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Effects of a peer-mediated joint attention intervention in an inclusive preschool setting


Joint attention, or shared attention to an object or event, is a pivotal skill for the development of social interactions and social communication. Joint attention typically develops in natural contexts within the first year of life. Children with autism spectrum disorder (ASD) and related developmental disabilities often experience difficulty developing joint attention. Clinical interventions to increase joint attention exist. However, there are limited studies investigating methods to incorporate joint attention interventions in inclusive preschool classrooms with peers as social partners. For young children in preschool settings, peer-mediated social skills interventions reflect natural contingencies and may promote generalization. In this study, we employed a single-case multiple baseline across child–peer dyads design to evaluate the effects of a peer-mediated joint attention intervention for children with or at risk for ASD on response to joint attention (RJA) from peer bids and initiations of joint attention (IJA) from target children with ASD. The intervention included direct instruction with a social narrative to teach three peers to initiate bids for joint attention to measure target children’s responses. Target children later received the same direct instruction to increase IJA to same-age-peers. Results indicate increased target child RJA and IJA to peers. Limitations and implications for research and practice are discussed. (author abstract)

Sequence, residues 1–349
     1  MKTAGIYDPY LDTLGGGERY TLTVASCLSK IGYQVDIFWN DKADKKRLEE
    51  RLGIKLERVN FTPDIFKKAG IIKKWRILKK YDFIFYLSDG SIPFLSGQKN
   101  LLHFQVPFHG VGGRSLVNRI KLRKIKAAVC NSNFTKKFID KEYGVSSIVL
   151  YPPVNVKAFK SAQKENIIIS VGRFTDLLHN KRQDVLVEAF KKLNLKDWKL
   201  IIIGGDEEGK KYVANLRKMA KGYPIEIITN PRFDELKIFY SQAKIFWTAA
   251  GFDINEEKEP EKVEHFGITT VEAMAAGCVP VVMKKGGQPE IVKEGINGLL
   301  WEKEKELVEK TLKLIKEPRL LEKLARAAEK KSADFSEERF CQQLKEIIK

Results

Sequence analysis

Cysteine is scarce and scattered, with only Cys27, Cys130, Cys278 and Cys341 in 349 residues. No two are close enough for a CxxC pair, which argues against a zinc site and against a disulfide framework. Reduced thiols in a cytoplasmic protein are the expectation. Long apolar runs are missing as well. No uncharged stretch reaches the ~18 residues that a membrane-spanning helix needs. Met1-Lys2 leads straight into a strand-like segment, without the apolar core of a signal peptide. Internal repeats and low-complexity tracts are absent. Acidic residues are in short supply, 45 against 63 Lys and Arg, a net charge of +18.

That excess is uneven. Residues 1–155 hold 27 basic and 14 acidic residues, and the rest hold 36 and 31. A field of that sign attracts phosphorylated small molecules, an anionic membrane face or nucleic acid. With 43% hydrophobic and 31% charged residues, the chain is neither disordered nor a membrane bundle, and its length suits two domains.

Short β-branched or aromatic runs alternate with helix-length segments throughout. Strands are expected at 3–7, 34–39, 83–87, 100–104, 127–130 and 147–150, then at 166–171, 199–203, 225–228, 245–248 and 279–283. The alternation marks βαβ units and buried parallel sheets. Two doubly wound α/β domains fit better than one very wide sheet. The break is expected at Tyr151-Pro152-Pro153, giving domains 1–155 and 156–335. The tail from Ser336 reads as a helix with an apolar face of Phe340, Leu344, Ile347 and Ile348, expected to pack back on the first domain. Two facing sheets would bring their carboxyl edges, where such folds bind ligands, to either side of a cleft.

Resource Type:
Reports & Papers
United States

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